I’ve occasionally heard a curious phrase…”Doubt your doubts.” “Be skeptical of your skepticism.” I have wondered what these phrases could mean and of what import they could be.

Langford BasiliskIn the past, the sheer foreignness of these admonitions has been like a Langford basilisk to me — I can’t help but take the words in, but my mind, uncomprehending, does not deal with them. Part of this mental incomprehensibility is the voluntaristic nature of beliefs that it presents. I understand that many people think differently, but I do not imagine consciously choosing to believe or to doubt something. Rather, my beliefs and doubts seem to me the unconscious conclusions of evaluation of the data I perceive.

So, in the past, I didn’t think about what such a phrase could mean, and when I did, I concluded that the phrase was just a cheap attack.

But like the idea of Langford’s basilisk, my mind only required time and a somewhat more comprehensive, yet similar concept to recall the uncomprehended and incomprehensible and crash.

I have often thought about what it  means to “leave the church, but not leave it alone.” This is another phrase frequently flung at the faithless flock, but immediately easier to grasp. I can understand why a member would want someone who disbelieves, disagrees, and disaffiliates to disengage, disassociate, and desist (although I believe this may not capture why the person “does not leave the church alone” in the first place.) I have read other members’ dealings with “full-time” anti-Mormons (the twitter-engaged ones, at least), and I have myself dealt with accusations of being an anti-Mormon. And I have grappled with the idea of engaging with Mormonism, of loving Mormonism despite not believing and not engaging with a physical community. What can such a thing even mean?

I have at times been discouraged to write here at Mormon Matters, because sometimes I feel it could damage the site’s reputation among our brethren in the Bloggernacle. Is Mormonism a big tent or not?

In my quiet considerations, others have been quite charitable. They have expressed how I’m always welcome…how a break is a natural or a good thing. Some have gone so far to say that separating, that moving on completely, is a natural or a good thing.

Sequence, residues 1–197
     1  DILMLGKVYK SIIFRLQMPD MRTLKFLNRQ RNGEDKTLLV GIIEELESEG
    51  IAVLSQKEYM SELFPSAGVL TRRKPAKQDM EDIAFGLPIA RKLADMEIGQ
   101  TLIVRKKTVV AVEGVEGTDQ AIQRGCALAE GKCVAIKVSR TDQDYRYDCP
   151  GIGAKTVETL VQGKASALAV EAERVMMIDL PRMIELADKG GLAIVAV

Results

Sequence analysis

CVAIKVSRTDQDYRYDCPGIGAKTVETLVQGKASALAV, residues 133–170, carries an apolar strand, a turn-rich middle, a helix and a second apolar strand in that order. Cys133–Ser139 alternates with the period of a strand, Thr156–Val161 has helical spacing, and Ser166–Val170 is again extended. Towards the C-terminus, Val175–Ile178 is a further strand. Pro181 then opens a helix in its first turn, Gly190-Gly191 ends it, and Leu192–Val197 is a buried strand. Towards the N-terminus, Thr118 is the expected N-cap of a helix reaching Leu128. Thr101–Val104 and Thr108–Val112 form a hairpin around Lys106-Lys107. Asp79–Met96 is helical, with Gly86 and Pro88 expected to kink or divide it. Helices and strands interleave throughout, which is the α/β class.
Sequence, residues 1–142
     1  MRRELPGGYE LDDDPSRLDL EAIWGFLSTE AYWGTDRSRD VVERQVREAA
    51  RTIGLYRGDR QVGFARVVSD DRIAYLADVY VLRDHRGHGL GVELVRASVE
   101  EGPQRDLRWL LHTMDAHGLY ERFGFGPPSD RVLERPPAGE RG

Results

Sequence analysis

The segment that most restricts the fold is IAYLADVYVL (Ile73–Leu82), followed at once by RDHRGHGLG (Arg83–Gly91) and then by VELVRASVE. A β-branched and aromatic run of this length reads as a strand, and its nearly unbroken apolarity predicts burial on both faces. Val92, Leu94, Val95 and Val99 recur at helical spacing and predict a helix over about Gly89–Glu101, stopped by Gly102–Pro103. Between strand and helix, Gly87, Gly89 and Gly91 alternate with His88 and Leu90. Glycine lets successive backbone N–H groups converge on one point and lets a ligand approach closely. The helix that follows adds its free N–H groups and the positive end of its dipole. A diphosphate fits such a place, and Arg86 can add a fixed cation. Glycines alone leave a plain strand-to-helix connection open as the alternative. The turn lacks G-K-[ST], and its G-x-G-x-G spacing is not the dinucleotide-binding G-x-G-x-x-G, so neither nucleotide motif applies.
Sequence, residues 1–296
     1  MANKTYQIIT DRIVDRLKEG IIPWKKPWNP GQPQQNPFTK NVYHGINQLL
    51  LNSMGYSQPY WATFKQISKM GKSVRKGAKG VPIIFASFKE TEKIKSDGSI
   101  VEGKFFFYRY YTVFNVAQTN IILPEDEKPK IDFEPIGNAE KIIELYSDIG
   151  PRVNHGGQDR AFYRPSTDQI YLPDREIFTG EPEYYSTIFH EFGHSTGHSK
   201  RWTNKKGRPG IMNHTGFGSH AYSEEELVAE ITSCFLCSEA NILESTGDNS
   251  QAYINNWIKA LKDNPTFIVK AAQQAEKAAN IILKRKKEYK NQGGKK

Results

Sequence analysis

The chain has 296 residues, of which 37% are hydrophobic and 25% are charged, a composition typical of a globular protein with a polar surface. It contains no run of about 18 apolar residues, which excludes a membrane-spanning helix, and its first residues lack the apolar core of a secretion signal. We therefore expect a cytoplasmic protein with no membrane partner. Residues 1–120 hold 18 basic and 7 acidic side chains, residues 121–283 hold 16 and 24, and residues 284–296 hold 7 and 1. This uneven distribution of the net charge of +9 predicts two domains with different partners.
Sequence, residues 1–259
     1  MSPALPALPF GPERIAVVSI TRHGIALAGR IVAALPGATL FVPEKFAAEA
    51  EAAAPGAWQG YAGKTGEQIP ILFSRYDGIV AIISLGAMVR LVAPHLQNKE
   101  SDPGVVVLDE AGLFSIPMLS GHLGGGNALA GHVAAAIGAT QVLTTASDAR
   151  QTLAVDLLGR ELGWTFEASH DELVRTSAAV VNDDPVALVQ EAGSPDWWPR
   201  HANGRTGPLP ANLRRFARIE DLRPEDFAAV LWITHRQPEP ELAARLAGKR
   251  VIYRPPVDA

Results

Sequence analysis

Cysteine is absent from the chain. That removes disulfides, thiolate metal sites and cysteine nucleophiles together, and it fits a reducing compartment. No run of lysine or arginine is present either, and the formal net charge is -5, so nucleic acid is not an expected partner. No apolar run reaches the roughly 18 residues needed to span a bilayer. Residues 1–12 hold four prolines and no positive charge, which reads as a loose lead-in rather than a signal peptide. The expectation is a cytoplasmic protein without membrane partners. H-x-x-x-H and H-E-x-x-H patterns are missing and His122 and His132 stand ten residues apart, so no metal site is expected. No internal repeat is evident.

And here I have come to doubt, and to doubt my doubts.

I feel like the comments from the others are an inception. An inception comes from another, but must be planted far enough in the subconscious so as to seem as if it comes from the self. And so, as others have suggested, “It’s ok to move away from Mormon blogging if you doubt your goals and purposes within both the blog and the Mormonism,” I have understood the savory sensibility of this simple statement, and I have adopted it as my own simple statement. But I have also doubted this doubt, and doubted this statement.

I have doubted my doubt that (blogging about) Mormonism can remain compelling or relevant to me.

A while back, I was reading an entry from a friend introducing his series into the Book of Mormon. He, like me, does not believe, but he stated:

I disagree with Elder Holland that the only available answer is that Joseph Smith translated an ancient American history by the power of god…But I do actually agree with Elder Holland on this point: Some critics are too quick to dismiss the Book of Mormon. And while the burden of proof rests primarily with its believers, I nonetheless think we owe the Book of Mormon more than just an indifferent shrug or rolled eyes. That’s why I’m writing this series—to grapple honestly with the Book of Mormon.

I had at the time challenged the idea that we owe more than just an indifferent shrug or rolled eyes. I’d probably still challenge the idea, because I believe that what we “owe” the Book of Mormon — or any text — is not some universal prescription inscribed in pristine marble, but is tied to our personal motivations. His prescription, I thought, reflected his motivations and desires to grapple honestly with the book.

With time, I have come to see blogging in a similar way. I know people who would say this is inferior to parking my posterior in a pew, or to diving into the doctrines of official scriptures. I know others who would say it doesn’t make sense to try to “grapple with” blogging once I’ve “burnt out.” Perhaps they are all right.

Nevertheless, I feel this, my sincere if substandard offering, is worth offering, if only for myself.